Strain specificity for symptom relief, single or multiple strains, and dosage are needing further studies to give clear guidelines. (2.i.)
- Antibiotics: see above.
- Faecal Microbial Transplant: so far the general consensus that FMT as a general treatment for IBS is that it has no advantage over a placebo. (7) IBS is a complex condition and it’s management needs to be more specific or targeted.
Summary of How to treat Irritable Bowel Syndrome.
This overview is to give a guide as to what is accepted as evidence-based treatment options for Irritable Bowel Syndrome. Some areas definitely fall into the “grey zone” where the answer is as clear cut. E.g. the concept of a specific probiotic to alleviate specific symptoms.
What I often see in practice are patients are wanting clarity with what is wrong with them and what they need to do next to get better.
They may not be aware they even have Irritable Bowel Syndrome and are relieved to have a diagnosis!
This isn’t a ONE SIZE FITS ALL situation.
What do you do when the above doesn’t work???
Well, this is a controversial area and each case needs to be considered very carefully. An integrative or holistic approach is an individualistic approach in that the focus is looking at that one individual as a whole and trying to find what is unique to that person and what may be of help for them.
The digestive tract is like a factory line, it takes one step in that process to muck up to create dysfunction.
My recommendation is:
- Diagnosis: seek professional advice and guidance to exclude important “red flags” or medical conditions that are serious. This may include seeing a gastroenterologist (or gut doctor).
- Investigations: may include testing to determine exactly what’s going in your gut. This may involve blood testing, stool tests, and possibly breath testing to determine if there is an imbalance in the gut flora (or “gut bugs”).
- Food Diary: where you write down what you’re eating every day and then noting any bowels symptoms. This can help to identify trigger foods for Irritable Bowel Syndrome.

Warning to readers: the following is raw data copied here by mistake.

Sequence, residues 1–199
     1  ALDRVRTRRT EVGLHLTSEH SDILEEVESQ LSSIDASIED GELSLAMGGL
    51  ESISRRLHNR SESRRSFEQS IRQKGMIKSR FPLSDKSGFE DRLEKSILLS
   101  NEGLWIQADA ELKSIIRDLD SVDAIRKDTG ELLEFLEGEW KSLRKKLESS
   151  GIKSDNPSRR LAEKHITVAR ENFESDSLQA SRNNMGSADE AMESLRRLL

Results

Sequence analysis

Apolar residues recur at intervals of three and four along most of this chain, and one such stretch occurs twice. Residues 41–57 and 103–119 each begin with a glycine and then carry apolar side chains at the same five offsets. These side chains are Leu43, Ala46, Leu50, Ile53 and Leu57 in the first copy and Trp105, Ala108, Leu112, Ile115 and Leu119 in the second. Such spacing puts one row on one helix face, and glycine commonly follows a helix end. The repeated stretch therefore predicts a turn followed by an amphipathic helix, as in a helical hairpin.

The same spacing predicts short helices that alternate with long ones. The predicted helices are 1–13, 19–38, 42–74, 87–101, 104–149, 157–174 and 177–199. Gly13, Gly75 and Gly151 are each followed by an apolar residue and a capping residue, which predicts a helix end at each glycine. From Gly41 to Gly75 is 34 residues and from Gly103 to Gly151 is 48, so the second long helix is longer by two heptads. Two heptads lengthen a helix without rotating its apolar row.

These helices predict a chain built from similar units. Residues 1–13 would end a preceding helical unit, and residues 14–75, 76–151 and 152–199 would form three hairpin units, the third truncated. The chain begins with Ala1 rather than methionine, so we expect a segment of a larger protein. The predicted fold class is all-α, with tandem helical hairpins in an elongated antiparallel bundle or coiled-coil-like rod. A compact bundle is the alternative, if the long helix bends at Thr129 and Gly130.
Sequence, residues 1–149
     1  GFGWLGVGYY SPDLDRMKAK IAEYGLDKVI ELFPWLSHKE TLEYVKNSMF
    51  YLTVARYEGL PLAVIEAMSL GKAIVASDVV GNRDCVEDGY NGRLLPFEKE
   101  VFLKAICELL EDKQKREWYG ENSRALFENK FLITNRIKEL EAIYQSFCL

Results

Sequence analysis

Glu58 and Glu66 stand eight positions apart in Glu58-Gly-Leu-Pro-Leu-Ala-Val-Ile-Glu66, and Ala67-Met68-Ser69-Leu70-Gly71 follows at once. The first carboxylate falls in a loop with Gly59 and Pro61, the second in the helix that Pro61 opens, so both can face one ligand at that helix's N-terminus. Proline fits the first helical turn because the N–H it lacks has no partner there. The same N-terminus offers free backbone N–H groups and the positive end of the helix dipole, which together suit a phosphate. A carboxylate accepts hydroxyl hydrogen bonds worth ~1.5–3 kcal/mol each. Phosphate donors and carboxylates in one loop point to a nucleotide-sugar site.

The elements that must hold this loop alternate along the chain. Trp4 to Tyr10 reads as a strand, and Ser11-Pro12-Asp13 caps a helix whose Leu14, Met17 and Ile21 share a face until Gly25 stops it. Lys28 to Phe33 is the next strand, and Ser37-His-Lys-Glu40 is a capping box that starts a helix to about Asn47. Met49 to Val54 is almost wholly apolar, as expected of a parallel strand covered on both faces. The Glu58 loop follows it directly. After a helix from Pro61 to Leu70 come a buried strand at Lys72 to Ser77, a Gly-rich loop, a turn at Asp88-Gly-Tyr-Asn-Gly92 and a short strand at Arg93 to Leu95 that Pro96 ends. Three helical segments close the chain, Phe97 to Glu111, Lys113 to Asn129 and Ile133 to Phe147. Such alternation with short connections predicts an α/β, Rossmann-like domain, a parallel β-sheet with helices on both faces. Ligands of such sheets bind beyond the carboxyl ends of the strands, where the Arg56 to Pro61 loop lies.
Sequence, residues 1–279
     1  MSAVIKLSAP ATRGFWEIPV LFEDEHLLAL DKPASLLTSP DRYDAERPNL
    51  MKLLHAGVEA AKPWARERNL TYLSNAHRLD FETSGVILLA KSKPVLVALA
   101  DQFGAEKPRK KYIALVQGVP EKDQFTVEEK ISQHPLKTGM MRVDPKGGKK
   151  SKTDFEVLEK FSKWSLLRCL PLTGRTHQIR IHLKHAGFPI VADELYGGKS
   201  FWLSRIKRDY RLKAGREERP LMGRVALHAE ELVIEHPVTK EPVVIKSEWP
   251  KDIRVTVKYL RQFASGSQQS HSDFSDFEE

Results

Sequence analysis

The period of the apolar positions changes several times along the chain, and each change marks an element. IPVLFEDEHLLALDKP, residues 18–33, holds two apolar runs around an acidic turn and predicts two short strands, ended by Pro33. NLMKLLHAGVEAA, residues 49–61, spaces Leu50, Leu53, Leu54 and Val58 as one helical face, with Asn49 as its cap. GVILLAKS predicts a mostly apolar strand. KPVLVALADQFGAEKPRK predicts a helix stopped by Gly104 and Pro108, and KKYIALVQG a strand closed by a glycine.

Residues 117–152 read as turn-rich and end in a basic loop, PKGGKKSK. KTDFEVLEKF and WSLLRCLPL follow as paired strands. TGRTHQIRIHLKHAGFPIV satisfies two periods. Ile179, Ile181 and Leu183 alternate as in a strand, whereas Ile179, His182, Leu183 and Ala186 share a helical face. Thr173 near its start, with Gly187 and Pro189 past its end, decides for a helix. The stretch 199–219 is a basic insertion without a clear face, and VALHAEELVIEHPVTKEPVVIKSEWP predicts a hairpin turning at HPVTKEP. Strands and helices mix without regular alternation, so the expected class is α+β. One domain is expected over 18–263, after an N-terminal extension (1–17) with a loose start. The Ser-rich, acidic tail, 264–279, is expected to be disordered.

- Elimination diet: involves finding what foods trigger the IBS symptoms and removing them from the diet. A low FODMAP diet is helpful with this.
- Referral: to a dietician or nutritionist familiar in dealing with introducing a low FODMAP diet, to see if this helps. Alternatively, check out what work is being done at https://www.monashfodmap.com/. This has a wonderful guide into the world of FODMAP’s with up to date information and aides.
When nothing else works? Dysbiosis (or bacterial overgrowth) may be the culprit and further investigations – such as breath testing for Hydrogen or Methane production.
Stay tuned for more re: SIBO – or Small Intestinal Bacterial Overgrowth.
1. Hypnotherapy for irritable bowel syndrome: an audit of one thousand adult patients.
Miller V, et al.
Aliment Pharmacol Ther. 2015 May; 41(9):844-55.
2.a. Evaluation of anti-diarrhoeal activity of Bacillus coagulansMTCC 5856 and its effect on gastrointestinal motility in Wistar rats. Int J Pharma Bio Sci 2016; 7: 311–16.
Majeed M, Natarajan S, Sivakumar A, Ali F, Pande A, Majeed S, et al.
2.b. Bacillus coagulans MTCC 5856 supplementation in the management of diarrhea predominant Irritable Bowel Syndrome: a double blind randomized placebo controlled pilot clinical study.
Majeed M, et al.
2.c. Efficacy of an encapsulated probiotic Bifidobacterium infantis 35624 in women with irritable bowel syndrome.
Whorwell PJ, et al.
2.d. Effect of administering a multi-species probiotic mixture on the changes in fecal microbiota and symptoms of irritable bowel syndrome: a randomized, double-blind, placebo-controlled trial
Hyuk Yoon, et al.
2.e. A Randomized, Double-Blind, Placebo-Controlled Trial: The Efficacy of Multispecies Probiotic Supplementation in Alleviating Symptoms of Irritable Bowel Syndrome Associated with Constipation
Valerio Mezzasalma et al.
2.f. Saccharomyces boulardii CNCM I-745 supplementation reduces gastrointestinal dysfunction in an animal model of IBS
Paola Brun, et al.
2.g. Randomized double blind placebo-controlled trial of Saccharomyces cerevisiae CNCM I-3856 in irritable bowel syndrome: improvement in abdominal pain and bloating in those with predominant constipation
Robin Spiller, et al
2.1. The Role of Bacteria, Probiotics and Diet in Irritable Bowel Syndrome
Ashton Harper, et al.
3. Rifaximin for Irritable Bowel Syndrome
A Meta-Analysis of Randomized Placebo-Controlled Trials
Jun Li, et al.
4. Faecal microbiota transplantation versus placebo for moderate-to-severe irritable bowel syndrome: a double-blind, randomised, placebo-controlled, parallel-group, single-centre trial.
Johnsen PH, et al.
5. Antibiotic treatment of constipation-predominant irritable bowel syndrome.
Pimentel M, et al.
6. Gut Microbiota and Chronic Constipation: A Review and Update.
Ohkusa T, et al.
7. Systematic review with meta‐analysis: efficacy of faecal microbiota transplantation for the treatment of irritable bowel syndrome
Gianluca Ianiro, et al.
This article is written to give an overview of IBS Treatments only. It is meant to be a therapeutic guide that is best used in supervision with an appropriate health professional.
Where treatments are written as an “*alternate view” is to show an area that is not considered a mainstream medical approach to treating this condition. It is an emerging treatment that is under research and not accepted as a generally “accepted” or approved medical therapy.